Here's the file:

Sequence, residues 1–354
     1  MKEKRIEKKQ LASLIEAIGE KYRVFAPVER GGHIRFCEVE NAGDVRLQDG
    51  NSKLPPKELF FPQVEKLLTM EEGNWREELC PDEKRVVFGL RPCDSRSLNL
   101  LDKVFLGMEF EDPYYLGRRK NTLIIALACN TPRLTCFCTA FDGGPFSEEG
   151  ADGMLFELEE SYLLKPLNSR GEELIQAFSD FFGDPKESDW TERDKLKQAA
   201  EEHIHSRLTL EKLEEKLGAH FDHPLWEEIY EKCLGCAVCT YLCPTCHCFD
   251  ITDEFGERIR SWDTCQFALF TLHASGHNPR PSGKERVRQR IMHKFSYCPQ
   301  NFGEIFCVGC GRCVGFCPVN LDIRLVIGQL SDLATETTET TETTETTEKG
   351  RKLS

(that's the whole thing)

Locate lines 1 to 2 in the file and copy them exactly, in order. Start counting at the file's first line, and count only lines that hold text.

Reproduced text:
Sequence, residues 1–354
     1  MKEKRIEKKQ LASLIEAIGE KYRVFAPVER GGHIRFCEVE NAGDVRLQDG